Cost-effectiveness of chlorthalidone, amlodipine, and lisinopril as first-step treatment for patients with hypertension: An analysis of the Antihypertensive and Lipid-Lowering Treatment to Prevent Heart Attack Trial (ALLHAT) JOURNAL OF GENERAL INTERNAL MEDICINE Heidenreich, P. A., Davis, B. R., Cutler, J. A., Furberg, C. D., Lairson, D. R., Shlipak, M. G., Pressel, S. L., Nwachuku, C., Goldman, L. 2008; 23 (5): 509-516


To evaluate the cost-effectiveness of first-line treatments for hypertension.The Antihypertensive and Lipid-Lowering Treatment to Prevent Heart Attack Trial (ALLHAT) found that first-line treatment with lisinopril or amlodipine was not significantly superior to chlorthalidone in terms of the primary endpoint, so differences in costs may be critical for optimizing decision-making.Cost-effectiveness analysis was performed using bootstrap resampling to evaluate uncertainty.Over a patient's lifetime, chlorthalidone was always least expensive (mean $4,802 less than amlodipine, $3,700 less than lisinopril). Amlodipine provided more life-years (LYs) than chlorthalidone in 84% of bootstrap samples (mean 37 days) at an incremental cost-effectiveness ratio of $48,400 per LY gained. Lisinopril provided fewer LYs than chlorthalidone in 55% of bootstrap samples (mean 7-day loss) despite a higher cost. At a threshold of $50,000 per LY gained, amlodipine was preferred in 50%, chlorthalidone in 40%, and lisinopril in 10% of bootstrap samples, but these findings were highly sensitive to the cost of amlodipine and the cost-effectiveness threshold chosen. Incorporating quality of life did not appreciably alter the results. Overall, no reasonable combination of assumptions led to 1 treatment being preferred in over 90% of bootstrap samples.Initial treatment with chlorthalidone is less expensive than lisinopril or amlodipine, but amlodipine provided a nonsignificantly greater survival benefit and may be a cost-effective alternative. A randomized trial with power to exclude "clinically important" differences in survival will often have inadequate power to determine the most cost-effective treatment.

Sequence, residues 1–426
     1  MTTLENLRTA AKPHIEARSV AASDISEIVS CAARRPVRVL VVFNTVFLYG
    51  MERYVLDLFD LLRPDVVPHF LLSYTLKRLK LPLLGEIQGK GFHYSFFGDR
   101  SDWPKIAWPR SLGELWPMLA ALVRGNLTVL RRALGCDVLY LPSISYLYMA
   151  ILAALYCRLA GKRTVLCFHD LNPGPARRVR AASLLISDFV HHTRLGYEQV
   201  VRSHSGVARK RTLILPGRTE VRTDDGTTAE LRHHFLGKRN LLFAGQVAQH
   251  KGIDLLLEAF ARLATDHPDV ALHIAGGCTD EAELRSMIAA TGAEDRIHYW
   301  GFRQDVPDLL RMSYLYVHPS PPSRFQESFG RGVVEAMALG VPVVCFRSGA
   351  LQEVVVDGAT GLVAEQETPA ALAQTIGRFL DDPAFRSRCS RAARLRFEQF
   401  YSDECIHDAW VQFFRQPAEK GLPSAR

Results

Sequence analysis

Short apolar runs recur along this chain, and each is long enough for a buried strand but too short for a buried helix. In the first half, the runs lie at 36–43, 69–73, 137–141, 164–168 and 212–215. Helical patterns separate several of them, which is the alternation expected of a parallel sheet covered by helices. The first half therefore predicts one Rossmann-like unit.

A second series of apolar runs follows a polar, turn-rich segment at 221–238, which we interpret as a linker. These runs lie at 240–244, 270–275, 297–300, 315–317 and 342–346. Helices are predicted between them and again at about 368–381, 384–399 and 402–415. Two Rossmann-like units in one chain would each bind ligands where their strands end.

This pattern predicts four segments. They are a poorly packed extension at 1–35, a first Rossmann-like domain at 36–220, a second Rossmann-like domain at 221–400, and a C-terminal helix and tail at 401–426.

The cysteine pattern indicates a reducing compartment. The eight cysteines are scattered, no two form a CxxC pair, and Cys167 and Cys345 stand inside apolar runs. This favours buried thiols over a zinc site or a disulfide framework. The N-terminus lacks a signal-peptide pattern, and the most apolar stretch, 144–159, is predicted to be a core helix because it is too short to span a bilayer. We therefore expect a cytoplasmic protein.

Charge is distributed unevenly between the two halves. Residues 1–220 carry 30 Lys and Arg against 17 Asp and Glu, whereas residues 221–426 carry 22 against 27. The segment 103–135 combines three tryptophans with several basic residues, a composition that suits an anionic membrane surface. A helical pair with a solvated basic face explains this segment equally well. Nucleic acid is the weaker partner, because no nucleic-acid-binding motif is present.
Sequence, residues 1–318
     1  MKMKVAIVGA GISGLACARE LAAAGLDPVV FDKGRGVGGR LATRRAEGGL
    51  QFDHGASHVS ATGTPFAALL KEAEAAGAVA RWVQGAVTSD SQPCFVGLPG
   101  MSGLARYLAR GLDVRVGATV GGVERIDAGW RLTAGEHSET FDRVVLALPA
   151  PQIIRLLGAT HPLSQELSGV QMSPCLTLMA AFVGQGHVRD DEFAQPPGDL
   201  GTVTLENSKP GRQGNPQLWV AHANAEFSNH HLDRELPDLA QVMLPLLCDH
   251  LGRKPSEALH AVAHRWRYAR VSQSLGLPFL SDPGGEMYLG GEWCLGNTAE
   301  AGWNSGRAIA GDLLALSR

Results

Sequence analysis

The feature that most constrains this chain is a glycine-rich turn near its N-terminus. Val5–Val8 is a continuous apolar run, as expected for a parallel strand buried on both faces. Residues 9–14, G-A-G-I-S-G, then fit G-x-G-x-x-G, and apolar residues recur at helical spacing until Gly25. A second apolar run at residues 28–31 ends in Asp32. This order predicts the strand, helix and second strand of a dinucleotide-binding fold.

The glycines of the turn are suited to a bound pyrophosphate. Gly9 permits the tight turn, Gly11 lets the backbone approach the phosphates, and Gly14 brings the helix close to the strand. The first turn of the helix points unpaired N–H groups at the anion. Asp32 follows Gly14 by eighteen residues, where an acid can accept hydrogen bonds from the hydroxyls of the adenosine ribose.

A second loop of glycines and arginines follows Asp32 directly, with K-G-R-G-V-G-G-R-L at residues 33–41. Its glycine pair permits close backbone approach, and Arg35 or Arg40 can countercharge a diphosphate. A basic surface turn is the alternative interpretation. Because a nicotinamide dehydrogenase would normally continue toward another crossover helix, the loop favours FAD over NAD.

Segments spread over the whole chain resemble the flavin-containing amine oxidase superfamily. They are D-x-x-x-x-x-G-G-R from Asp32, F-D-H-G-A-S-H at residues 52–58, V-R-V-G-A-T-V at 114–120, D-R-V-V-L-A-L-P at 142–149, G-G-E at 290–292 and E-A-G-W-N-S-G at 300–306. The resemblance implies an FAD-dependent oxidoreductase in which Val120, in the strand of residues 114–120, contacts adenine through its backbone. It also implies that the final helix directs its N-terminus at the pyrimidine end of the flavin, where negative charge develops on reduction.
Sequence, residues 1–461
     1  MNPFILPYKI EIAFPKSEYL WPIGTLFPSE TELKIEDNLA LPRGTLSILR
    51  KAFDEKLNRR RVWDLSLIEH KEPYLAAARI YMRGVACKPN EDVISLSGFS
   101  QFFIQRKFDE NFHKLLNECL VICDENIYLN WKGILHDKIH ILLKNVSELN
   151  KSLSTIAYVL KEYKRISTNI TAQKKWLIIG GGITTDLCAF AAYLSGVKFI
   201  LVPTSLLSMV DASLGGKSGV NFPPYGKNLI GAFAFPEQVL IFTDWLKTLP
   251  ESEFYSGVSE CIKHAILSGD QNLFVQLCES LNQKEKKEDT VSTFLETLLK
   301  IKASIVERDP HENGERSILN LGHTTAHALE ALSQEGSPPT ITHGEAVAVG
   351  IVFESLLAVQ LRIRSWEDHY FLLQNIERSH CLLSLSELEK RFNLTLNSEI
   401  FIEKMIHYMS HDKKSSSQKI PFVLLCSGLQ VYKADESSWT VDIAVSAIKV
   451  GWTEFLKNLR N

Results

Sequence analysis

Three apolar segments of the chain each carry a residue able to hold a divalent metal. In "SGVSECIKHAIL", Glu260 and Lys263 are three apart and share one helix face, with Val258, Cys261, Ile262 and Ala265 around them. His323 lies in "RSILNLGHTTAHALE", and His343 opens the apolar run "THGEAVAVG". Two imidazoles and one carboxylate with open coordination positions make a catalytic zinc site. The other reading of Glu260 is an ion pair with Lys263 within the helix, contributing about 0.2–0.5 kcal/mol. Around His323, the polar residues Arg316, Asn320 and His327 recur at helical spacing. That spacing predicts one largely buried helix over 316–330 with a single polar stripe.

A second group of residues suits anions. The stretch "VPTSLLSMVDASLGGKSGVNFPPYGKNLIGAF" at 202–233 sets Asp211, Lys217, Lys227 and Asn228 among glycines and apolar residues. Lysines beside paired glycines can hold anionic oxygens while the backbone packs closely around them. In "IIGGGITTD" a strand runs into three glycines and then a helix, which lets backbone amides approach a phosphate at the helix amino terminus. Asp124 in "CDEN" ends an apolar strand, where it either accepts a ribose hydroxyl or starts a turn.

View details for DOI 10.1007/s11606-008-0515-2

View details for Web of Science ID 000255195300001

View details for PubMedID 18228109

View details for PubMedCentralID PMC2324142